Recently a somewhat related conversation came up with a friend. This friend was of the opinion that people are romanticizing/idealizing relationships more and more these days and setting themselves up for failure/disappointment/angst.

    I have heard similar views about how Americans expect excessive perfection in their lives and have a tendency to want to pound various parameters in their environment into shape – as opposed to the oriental notion of samsara which necessarily is a mix of happiness and unhappiness.

    Some “adjustment” between X and Y is called for and therein starts/lies the trouble – How much ? How long ? Who ? When ? Why ?

    When I see so many broken relationships – not just spousal – siblings, father-son, father-daughter … : I feel like screaming, “It is not at all supposed to hard folks !”

    It is not at all supposed to hard, but I know best of brothers who haven’t spoken to each other for 20+ years, a daughter who hasn’t visited her father in 45 years including for his funeral …

    As for communication being the panacea: I read somewhere that the brain centre that is responsible for “empathy” can differ quite a bit in size, capacity, activity/function between individuals. As an extreme case, narcissists have a very underdeveloped “empathy hardware”. There is only so much “communication” can accomplish it being “software” – if the hardware is not adequately equipped, software cannot bridge that gap.


    1. True that people maybe romanticizing relationships and expecting perfection. But with families dispersed and time being short, spouse is the one person they have. Somehow I think our and subsequent generations are trained to be competitive and achieve “success” but not trained (or trained to that extent) in the art of sustaining relationships, and accepting imperfections in people. One of the things I did not say in this piece is that sometimes distancing happens because it is impossible to communicate with a person. Let’s say that a person never forgives any foible the other may have done, and keeps adding to that baggage as time goes by, and never fails to bring it up. One cannot be sorry enough. This is really self-sabotage of a relationship – but with we ourselves pushing ourselves to be perfect in whatever we do, we are less forgiving of the imperfections of others. The sad stories of siblings not communicating, are more common that should be :(. True about the empathy quotient too. With some there is none – in India especially mental illness often goes undiagnosed. I have suspected that some women who have difficulties in social settings (and who keep their spouse on an unbelievably inhumanely tight leash) are probably on the autism spectrum – if a person especially woman does well in school and college and is “quiet” this is considered a good thing. Until a husband comes and discovers that they are tied to someone so insecure and (genetically) lacking in an ability to put themselves in another’s shoes, that everything in life has to be tightly managed to prevent a meltdown. Of course, there weren’t diagnostic tools available in earlier generations too.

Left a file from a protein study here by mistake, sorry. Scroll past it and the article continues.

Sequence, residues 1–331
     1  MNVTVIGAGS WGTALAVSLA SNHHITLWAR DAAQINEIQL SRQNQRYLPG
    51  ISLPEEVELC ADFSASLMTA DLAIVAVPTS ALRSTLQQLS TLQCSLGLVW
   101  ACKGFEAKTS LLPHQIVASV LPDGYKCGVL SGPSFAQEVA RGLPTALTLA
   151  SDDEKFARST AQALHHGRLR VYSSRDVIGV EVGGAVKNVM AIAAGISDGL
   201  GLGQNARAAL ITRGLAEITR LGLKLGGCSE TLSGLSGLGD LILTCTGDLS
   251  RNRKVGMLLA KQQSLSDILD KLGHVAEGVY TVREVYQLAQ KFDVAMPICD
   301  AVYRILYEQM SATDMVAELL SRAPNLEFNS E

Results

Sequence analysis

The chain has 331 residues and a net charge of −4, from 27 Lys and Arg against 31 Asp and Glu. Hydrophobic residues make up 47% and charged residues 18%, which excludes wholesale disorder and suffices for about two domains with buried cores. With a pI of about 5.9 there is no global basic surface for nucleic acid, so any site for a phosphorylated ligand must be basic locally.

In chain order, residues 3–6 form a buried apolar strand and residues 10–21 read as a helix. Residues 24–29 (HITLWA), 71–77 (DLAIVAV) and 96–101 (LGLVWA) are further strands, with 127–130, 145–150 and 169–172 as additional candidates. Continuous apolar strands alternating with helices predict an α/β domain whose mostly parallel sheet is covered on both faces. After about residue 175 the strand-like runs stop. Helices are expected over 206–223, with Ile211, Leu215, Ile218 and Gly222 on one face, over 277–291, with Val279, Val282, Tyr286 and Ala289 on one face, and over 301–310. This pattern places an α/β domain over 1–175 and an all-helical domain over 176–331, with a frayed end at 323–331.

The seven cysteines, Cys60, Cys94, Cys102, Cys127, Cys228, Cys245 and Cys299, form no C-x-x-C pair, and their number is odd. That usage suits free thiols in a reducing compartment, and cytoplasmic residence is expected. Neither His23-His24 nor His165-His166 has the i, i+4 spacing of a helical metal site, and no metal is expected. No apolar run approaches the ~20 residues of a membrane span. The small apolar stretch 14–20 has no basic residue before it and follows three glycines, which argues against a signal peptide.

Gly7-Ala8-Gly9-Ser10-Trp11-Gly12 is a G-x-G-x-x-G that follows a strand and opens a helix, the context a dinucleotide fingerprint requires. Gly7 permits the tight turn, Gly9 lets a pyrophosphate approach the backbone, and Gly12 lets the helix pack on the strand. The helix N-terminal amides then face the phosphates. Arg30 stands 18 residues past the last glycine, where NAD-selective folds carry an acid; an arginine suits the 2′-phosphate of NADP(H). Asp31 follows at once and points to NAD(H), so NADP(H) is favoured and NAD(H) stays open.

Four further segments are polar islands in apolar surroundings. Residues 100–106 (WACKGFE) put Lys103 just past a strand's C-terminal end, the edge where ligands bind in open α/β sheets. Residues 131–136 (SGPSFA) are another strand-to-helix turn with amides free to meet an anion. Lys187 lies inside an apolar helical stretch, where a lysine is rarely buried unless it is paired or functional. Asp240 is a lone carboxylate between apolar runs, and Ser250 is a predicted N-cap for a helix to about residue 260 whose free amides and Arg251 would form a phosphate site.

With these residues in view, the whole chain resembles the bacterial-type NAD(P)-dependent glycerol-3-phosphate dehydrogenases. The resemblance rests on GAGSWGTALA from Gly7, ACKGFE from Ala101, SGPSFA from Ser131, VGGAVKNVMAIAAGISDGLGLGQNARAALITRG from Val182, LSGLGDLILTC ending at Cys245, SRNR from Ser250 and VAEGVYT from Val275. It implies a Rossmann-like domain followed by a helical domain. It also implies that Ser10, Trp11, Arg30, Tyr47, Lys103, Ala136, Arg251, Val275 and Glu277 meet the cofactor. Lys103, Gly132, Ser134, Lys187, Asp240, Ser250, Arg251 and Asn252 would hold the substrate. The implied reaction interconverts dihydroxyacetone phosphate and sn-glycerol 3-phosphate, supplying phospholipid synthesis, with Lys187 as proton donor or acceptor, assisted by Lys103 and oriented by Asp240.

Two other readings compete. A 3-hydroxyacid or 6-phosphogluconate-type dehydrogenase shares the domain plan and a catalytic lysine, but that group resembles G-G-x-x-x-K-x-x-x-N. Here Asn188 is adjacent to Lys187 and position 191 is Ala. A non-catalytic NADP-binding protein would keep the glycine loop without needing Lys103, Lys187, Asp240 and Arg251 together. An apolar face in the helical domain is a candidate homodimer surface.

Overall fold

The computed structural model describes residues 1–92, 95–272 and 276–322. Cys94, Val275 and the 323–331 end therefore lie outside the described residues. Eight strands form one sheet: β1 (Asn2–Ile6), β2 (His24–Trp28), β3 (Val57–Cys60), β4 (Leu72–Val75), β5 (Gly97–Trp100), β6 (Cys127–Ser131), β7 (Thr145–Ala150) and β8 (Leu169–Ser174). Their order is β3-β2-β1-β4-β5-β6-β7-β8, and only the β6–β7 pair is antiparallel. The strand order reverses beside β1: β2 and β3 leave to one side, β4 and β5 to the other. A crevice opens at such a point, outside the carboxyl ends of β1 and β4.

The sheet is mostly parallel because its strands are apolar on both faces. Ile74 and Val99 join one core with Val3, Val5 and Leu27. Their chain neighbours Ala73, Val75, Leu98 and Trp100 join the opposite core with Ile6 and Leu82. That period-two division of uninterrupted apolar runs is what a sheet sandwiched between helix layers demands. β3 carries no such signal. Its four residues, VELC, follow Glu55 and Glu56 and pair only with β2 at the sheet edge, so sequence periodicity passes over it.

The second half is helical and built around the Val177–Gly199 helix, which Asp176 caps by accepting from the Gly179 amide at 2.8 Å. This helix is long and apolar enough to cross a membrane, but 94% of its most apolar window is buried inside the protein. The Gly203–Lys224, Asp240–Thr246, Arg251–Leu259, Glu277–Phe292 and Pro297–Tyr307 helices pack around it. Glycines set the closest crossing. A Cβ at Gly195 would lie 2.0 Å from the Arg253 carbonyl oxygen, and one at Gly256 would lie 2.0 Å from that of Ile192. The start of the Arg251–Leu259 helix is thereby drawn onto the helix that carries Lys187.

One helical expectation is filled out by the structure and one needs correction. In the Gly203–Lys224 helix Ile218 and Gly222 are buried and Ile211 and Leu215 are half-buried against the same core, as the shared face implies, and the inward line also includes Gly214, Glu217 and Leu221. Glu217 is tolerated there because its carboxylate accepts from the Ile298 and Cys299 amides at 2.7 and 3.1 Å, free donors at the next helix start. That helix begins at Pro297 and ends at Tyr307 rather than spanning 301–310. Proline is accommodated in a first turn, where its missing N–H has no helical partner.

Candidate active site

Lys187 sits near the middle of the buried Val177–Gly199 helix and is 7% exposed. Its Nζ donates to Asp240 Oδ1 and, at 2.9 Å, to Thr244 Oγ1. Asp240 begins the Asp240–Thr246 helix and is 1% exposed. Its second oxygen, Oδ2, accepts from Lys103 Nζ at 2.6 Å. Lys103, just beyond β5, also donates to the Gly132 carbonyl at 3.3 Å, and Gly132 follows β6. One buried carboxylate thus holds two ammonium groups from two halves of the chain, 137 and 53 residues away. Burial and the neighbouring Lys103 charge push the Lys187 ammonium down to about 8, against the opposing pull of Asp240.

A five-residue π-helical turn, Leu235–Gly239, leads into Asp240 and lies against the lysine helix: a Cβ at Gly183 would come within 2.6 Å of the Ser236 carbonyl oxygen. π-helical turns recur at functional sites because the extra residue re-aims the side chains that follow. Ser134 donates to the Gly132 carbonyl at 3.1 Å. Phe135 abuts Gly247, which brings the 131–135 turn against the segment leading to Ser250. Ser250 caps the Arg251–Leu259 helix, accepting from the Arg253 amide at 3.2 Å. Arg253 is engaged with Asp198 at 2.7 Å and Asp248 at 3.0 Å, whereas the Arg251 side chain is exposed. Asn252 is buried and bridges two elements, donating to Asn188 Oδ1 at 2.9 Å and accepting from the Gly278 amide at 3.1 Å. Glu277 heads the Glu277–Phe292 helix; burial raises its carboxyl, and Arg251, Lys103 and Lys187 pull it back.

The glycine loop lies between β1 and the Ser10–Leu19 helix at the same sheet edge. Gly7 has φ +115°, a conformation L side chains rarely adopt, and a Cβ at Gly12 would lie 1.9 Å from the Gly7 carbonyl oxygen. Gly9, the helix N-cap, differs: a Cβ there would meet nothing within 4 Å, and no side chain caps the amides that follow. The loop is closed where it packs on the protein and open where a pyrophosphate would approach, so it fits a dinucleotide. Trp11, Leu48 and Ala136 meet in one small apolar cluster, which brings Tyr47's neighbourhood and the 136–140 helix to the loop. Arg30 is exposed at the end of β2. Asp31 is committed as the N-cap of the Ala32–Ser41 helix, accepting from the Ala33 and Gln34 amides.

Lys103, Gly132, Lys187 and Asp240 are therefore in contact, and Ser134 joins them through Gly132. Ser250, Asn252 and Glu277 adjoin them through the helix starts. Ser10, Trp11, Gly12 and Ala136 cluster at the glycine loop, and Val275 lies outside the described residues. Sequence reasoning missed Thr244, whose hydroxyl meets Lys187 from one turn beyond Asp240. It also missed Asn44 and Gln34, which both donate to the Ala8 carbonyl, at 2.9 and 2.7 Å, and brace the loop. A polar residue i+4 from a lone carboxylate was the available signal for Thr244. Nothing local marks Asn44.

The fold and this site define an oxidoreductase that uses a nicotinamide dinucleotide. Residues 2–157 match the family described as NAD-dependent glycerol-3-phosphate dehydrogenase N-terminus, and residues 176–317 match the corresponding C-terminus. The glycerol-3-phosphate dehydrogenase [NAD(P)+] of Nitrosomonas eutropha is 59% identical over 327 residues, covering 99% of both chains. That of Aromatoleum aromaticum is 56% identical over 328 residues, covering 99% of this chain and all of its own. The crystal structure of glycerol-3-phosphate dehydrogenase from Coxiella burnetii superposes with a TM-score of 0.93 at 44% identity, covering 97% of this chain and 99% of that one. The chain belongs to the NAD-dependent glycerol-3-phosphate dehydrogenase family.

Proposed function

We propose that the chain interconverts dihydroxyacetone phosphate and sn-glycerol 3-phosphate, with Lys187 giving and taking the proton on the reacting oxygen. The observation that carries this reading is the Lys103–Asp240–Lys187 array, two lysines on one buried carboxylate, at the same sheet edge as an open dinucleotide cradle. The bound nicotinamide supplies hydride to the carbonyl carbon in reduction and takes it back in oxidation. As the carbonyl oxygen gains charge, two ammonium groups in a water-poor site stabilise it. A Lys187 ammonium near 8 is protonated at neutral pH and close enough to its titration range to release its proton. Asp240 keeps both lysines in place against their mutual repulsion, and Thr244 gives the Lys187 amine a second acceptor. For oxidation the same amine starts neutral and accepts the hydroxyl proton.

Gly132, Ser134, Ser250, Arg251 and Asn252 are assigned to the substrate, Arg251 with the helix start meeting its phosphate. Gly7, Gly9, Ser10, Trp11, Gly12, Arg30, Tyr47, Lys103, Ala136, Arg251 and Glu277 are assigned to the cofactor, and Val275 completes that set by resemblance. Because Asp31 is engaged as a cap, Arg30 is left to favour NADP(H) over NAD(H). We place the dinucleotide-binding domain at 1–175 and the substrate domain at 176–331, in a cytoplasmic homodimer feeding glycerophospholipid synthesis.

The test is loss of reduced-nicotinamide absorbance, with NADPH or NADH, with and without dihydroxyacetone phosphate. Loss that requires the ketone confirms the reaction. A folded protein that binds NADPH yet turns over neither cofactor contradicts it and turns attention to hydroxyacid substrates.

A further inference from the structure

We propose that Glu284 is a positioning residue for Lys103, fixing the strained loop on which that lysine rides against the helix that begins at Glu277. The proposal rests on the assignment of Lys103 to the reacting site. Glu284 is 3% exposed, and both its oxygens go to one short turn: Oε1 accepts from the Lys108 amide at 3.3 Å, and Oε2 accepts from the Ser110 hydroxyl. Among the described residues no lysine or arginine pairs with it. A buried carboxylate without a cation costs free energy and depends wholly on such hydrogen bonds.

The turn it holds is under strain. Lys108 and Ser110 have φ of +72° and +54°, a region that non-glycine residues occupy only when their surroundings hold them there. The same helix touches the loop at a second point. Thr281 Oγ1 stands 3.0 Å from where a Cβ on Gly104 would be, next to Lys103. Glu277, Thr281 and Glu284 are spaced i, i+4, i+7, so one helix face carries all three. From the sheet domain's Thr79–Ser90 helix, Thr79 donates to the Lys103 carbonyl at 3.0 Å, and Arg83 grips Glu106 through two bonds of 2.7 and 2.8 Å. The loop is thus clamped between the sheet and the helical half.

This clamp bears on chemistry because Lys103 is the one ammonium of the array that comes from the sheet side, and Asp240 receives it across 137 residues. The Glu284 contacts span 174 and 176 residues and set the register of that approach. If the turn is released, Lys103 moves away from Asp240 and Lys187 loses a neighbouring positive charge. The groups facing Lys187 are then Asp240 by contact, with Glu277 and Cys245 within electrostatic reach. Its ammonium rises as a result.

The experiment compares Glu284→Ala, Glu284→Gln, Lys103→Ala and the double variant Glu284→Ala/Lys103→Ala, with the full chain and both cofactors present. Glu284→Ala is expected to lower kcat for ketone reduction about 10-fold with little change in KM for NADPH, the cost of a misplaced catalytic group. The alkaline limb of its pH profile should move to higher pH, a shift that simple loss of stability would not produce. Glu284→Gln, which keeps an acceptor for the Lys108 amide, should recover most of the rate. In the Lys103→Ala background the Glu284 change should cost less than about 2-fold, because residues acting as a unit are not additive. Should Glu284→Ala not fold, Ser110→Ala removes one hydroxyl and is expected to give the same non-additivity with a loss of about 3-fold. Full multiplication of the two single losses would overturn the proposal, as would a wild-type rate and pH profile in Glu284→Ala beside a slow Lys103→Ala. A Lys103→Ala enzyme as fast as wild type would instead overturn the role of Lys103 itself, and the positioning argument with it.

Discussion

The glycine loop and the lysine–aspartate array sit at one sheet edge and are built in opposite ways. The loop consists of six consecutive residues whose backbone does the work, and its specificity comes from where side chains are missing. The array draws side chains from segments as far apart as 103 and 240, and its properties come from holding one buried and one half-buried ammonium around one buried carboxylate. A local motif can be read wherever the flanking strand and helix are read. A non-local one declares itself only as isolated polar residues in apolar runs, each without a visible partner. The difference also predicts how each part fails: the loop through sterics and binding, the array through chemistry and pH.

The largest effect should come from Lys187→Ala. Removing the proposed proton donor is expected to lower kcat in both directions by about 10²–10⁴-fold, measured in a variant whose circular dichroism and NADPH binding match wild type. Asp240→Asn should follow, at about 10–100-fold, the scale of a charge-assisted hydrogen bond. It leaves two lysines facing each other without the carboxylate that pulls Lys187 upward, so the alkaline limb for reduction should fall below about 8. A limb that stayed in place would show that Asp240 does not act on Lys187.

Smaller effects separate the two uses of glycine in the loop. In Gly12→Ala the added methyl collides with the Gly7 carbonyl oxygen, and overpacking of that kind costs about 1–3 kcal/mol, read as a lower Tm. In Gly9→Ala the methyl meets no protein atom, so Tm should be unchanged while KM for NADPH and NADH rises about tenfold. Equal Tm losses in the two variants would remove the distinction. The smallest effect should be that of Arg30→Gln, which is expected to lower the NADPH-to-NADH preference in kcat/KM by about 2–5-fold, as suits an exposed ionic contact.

2. The “When I see so many broken relationships” … “I feel like screaming” … “It is not at all supposed to hard folks !” part is said from the point of view of one who has been one half of at least 3 broken relationships that were absolutely worth preserving … but the one half that was/is willing not to give up and continue to work, but unable to as it takes two to tango !

    Not said by a know it all of sorts …

    “But with families dispersed and time being short, spouse is the one person they have.”

    “Somehow I think our and subsequent generations are trained to be competitive and achieve “success” but not trained (or trained to that extent) in the art of sustaining relationships”

    Can’t agree more. With opportunities opening up like never before, not going after the opportunities would amount to laziness or shirking of responsibility as per everything
    we have been taught – It takes an unusual person to stay grounded.